As of December 31, last year, BASIC, National, NRB Global (now Global Islami Bank), Padma, the Islamic window of Premier Bank, Standard Bank and Rajshahi Krishi Unnayan Bank crossed its loan-deposit limit
When the majority of the banks remained cautious in lending amid the COVID-19 pandemic, seven lenders crossed their allowed loan to deposit ratio, leaving their financial health in a precarious state ahead of the anticipated surge in soured loans for the withdrawal of loan moratorium facility from this year.
As of December 31, last year, BASIC, National, NRB Global (now Global Islami Bank), Padma, the Islamic window of Premier Bank, Standard Bank and Rajshahi Krishi Unnayan Bank crossed its loan-deposit limit set by the central bank.
As per the central bank regulations, the loan-deposit ratio for the conventional banks is 87 per cent and for Islamic banks 92 per cent.
This means, the conventional banks will be able to lend up to Tk 87, when its deposits are at Tk 100. Islamic banks will be able to lend up to Tk 92 from their deposits of Tk 100.
The seven banks crossed the limit at a time when the private sector credit growth remains depressed.
In December last year, the private sector credit growth stood at about 8.4 per cent, much below the central bank’s target of 14.8 per cent for this fiscal year.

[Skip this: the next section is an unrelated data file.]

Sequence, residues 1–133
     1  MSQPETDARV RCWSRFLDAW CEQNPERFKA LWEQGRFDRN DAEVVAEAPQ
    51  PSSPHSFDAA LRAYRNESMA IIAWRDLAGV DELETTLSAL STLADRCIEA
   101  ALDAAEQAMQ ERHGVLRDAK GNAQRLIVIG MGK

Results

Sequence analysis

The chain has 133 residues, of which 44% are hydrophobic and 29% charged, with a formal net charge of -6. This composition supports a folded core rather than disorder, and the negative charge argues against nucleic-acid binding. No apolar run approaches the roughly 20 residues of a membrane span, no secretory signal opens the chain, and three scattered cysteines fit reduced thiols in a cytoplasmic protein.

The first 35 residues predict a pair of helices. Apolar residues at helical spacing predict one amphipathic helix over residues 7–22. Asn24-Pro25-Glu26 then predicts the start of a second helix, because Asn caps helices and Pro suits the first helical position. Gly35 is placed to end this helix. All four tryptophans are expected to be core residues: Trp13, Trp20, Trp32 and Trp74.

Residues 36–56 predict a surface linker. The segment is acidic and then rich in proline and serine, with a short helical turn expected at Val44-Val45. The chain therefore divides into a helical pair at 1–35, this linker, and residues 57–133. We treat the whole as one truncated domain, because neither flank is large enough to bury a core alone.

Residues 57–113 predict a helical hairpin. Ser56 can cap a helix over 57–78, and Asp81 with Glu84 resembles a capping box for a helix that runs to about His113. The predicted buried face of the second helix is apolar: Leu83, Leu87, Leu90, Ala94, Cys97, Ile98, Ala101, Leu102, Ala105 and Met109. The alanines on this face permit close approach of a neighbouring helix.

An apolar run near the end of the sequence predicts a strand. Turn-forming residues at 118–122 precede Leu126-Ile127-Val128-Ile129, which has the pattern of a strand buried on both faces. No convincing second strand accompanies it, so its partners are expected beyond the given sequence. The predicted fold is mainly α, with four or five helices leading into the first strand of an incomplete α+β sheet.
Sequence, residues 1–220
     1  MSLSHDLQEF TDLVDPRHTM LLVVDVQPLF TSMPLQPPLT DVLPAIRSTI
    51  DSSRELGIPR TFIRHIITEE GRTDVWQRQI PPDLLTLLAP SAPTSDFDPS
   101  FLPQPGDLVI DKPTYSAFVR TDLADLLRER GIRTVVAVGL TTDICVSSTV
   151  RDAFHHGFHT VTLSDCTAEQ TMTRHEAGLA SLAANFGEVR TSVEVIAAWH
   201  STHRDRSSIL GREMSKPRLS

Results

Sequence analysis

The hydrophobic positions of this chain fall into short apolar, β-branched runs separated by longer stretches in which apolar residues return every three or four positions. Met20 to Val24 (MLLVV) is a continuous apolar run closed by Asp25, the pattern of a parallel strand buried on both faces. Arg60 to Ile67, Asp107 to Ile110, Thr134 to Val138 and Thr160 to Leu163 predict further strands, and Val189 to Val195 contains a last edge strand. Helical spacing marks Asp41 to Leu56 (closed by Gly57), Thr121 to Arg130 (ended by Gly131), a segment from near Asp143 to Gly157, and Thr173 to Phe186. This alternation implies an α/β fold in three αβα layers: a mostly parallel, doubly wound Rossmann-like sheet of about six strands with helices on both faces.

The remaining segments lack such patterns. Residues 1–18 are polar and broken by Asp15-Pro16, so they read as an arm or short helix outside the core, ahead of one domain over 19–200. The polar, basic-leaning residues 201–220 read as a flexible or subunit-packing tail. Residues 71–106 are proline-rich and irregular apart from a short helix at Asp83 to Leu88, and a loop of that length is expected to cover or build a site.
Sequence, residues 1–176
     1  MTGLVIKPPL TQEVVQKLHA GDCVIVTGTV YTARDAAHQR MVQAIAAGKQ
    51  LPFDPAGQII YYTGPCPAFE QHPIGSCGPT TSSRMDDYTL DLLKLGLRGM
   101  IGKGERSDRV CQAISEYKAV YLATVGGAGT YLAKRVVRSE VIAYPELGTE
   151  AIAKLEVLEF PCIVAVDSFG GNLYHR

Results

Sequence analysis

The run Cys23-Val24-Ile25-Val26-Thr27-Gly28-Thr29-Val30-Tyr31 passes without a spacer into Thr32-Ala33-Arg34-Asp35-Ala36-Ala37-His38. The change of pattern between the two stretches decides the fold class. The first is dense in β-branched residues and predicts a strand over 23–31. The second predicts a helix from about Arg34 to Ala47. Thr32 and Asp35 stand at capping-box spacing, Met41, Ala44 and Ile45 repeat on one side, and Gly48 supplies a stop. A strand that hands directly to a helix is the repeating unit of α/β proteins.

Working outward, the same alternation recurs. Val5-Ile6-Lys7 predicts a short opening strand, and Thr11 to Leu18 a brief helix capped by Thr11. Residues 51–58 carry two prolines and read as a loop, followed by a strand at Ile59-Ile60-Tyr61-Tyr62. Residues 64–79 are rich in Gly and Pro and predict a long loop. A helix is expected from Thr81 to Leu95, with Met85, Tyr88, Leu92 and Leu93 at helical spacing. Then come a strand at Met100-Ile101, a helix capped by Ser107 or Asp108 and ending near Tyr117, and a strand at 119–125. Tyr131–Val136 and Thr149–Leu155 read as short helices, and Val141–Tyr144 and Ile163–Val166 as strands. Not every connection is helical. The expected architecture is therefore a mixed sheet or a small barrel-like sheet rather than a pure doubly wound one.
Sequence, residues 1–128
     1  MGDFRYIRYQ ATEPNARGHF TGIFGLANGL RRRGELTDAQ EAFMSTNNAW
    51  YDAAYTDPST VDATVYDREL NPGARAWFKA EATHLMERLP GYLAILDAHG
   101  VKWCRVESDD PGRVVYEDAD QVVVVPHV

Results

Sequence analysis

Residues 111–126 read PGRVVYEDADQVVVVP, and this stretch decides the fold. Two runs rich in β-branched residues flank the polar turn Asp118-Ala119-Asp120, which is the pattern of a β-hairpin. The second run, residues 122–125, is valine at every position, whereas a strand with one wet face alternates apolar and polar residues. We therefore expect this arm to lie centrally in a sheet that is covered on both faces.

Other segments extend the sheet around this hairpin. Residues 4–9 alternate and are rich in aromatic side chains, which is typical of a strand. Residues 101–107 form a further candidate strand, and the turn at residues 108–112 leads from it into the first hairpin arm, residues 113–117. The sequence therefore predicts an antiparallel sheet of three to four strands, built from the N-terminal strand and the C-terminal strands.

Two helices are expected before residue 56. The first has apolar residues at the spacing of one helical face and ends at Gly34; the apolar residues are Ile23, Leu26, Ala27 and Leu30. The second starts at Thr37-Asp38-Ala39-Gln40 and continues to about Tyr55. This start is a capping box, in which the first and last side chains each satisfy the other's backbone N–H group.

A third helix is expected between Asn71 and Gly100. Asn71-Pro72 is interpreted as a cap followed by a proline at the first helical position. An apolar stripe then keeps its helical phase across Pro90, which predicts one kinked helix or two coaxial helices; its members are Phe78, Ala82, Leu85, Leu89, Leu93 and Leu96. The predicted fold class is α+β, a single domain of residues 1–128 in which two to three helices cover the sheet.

The lenders that trespassed limit set by the central bank have not made aggressive lending in recent times, said a top official of the central bank seeking anonymity to speak candidly on the matter.
Many of them lost their deposits amid the pandemic, which impacted their ratio.
The central bank always cautioned the banks and asked them to lower their lending in line with the ceiling for loan-deposit ratio, he added.
As of December 31 last year, the scam-hit BASIC Bank’s total deposit stood at Tk 14,304.4 crore but it lent Tk 15,166.6 crore.
National Bank’s credit growth was 12.9 per cent, while its deposit growth was 17.9 per cent.
“Our ratio has come down now and will go below the ceiling soon,” said ASM Bulbul, managing director (current charge) of National Bank.
In January, NRB Global Bank has been renamed Global Islami Bank, meaning the 87 per cent-ceiling applicable for standard banks are not applicable.
“Our ratio is now below the central bank limit as this is a shariah-based bank,” said its MD Syed Habib Hasnat.
NRB Global Bank had crossed the limit in December last year owing to several technical reasons.
“We were in the process of transformation from conventional to Sharia Based then,” he added.
Standard Bank is another lender that became a Shariah-based one this year.
“We crossed the central bank limit in December last year owing to the falling trend of deposits,” said Khondoker Rashed Maqsood, the MD of Standard Bank.
In the last year, the bank’s credit growth was only at 1.57 per cent.
“We have left some more expensive deposits last year to optimise the balance sheet,” he added.
Padma Bank, another scam-hit bank, has been an offender for several years now.
Its MD Md Ehsan Khasru had said a few months ago that they reduced the limit from the previous level.
“This is not the overall scenario of the bank,” said M Rezaul Karim, the MD of Premier Bank.
The bank’s Islamic banking window has exceeded the loan-deposit ceiling.
“We have more customers in this branch so the investment is more,” he added.
State-run specialised lender Rajshahi Krishi Unnayan Bank’s credit growth was 9.20 per cent and its deposit growth 8.74 per cent.